November 19, 2020 - LSTA secondary loan trading volume increased 6% in October, to a four-month high $60.4B, after rising 19% in September. This is the first time that volume increased in back-to-back months since March. These recent increases in trading activity have been closely tied to improving supply and demand conditions. First, institutional loan volume totaled an impressive $76B across September and October. This two-month total was higher than the previous five months combined. Second, CLO issuance ran above $11B during consecutive months for the first time since April 2019. Better yet, CLO activity averaged $12.1 over the past two months, a figure that comes in $6.3B higher than the previous six-month trailing average of $5.8B.
As new issue loan volumes ran higher in October, prices softened for the first time since March, thus ending the market’s storied price rally at six months. Although the total return on the S&P/LSTA Leveraged Loan Index (LLI) remained positive in October, at 0.2%, October marked the first time since March where the market value component of return was negative, albeit slightly at -0.17%. The trading market though, revealed a deeper decline in prices as an increase in “off the run” activity drove aggregate price levels lower. In turn, the number of loans that changed hands in the secondary in October, or market breadth, hit a two-year high of 1,547 loans in October (the LLI holds 1,440 loans). But, the market’s advancer/decliner ratio fell below 1:1 for the first time since March. In October, 51% of loans reported losses (a seven-month high) while just 40% of loans reported gains (a seven-month low). All told, the average trade price fell 0.8%, or 64 bps, to 95.36 after hitting a post-COVID high of 96 in September. The median trade price also fell from its post-COVID high, declining 25 bps to a 98-handle. The market’s average and median bid levels remain 225 bps and 200 bps shy of their 2020 high watermarks which were established back in mid-February. Even still, the secondary market remains relatively well bid – a trend that strengthened in November as prices moved higher and LLI returns once again turned positive on the year.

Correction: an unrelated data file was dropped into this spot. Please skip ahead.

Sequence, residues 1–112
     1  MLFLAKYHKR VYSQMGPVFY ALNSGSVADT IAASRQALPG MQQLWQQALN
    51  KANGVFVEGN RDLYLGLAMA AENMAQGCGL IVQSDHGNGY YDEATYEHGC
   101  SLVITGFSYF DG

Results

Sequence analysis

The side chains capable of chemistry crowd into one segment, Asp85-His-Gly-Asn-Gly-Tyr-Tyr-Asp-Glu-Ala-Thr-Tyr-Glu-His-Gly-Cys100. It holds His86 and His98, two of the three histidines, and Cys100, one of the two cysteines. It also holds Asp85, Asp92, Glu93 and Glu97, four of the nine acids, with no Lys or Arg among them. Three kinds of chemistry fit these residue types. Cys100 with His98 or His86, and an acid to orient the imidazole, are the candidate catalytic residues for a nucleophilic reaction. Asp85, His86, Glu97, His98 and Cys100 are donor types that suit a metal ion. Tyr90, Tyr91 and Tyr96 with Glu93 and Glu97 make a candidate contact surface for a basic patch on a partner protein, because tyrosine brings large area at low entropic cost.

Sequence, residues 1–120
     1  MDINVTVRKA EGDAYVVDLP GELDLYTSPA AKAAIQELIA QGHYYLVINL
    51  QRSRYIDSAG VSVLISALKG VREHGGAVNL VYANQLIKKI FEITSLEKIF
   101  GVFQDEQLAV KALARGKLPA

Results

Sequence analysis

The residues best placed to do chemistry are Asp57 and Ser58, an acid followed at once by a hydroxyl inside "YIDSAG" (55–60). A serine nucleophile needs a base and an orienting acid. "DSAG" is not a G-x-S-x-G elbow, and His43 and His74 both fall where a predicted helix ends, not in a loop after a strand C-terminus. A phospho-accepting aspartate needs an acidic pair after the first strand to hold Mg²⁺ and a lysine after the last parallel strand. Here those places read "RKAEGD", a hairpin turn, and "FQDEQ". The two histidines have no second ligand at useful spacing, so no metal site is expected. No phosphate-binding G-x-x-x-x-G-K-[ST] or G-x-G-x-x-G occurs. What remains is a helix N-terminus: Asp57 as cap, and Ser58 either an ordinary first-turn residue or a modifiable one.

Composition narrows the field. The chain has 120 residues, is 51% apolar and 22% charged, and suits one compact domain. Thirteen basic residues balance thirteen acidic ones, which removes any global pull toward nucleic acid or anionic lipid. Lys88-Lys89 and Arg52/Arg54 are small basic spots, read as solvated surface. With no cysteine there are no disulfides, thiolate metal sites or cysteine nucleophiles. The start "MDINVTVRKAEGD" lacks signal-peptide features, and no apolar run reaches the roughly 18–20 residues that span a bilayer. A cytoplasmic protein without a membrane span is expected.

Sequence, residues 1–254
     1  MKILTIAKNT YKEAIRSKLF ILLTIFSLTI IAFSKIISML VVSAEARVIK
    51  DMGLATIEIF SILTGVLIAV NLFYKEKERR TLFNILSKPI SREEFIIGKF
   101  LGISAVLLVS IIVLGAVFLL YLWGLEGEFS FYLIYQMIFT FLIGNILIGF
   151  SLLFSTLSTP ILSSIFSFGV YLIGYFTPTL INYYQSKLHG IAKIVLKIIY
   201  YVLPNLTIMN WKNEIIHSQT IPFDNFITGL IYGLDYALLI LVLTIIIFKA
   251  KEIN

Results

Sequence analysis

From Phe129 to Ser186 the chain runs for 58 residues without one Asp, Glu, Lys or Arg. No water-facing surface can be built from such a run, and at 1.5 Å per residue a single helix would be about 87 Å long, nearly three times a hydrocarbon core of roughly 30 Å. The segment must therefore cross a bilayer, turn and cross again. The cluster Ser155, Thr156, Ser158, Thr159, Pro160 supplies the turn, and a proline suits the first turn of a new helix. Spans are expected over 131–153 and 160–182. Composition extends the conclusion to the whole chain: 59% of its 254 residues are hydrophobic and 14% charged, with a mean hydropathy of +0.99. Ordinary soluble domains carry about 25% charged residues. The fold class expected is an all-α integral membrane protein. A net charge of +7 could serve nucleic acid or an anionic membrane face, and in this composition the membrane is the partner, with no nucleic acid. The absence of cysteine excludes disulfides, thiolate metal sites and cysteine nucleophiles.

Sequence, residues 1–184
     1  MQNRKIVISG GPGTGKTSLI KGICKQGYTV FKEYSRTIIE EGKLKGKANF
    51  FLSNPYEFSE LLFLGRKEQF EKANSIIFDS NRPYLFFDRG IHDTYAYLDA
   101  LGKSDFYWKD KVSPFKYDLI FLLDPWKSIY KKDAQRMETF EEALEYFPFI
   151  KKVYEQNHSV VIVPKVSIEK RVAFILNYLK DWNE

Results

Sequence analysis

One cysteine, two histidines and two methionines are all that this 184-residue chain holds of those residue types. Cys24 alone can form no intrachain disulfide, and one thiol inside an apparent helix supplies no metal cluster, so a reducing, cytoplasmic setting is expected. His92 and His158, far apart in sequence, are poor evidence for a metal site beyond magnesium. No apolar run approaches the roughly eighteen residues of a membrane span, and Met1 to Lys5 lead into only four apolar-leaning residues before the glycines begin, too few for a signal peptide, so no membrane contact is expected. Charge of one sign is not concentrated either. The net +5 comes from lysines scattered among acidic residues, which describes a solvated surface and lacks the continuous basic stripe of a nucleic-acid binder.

Back to October trading stats, where 50% of trades printed at a price between 98 and 100, with an additional 4% of trades occurring above par (one-third of loans were trading above par back in February). At the same time, LSTA/Refinitiv mark-to-market bid-ask spreads on the traded universe of loans continued to tighten marginally as five bps were shaved from both their average and median levels. These ended October at 102 bps and 83 bps, respectively. Both figures are now in earshot of their February tights, which were reported at 78 bps and 63 bps, respectively. The lion’s share of loans (57%) now trade at a bid-ask spread between 51-100 bps as compared to 21% during the market downturn in March. That said, 44% of loans were trading at a bid-ask spread of 51 to 100 bps pre-selloff– noting that an additional 39% of loans were trading at a spread of 50 bps or less.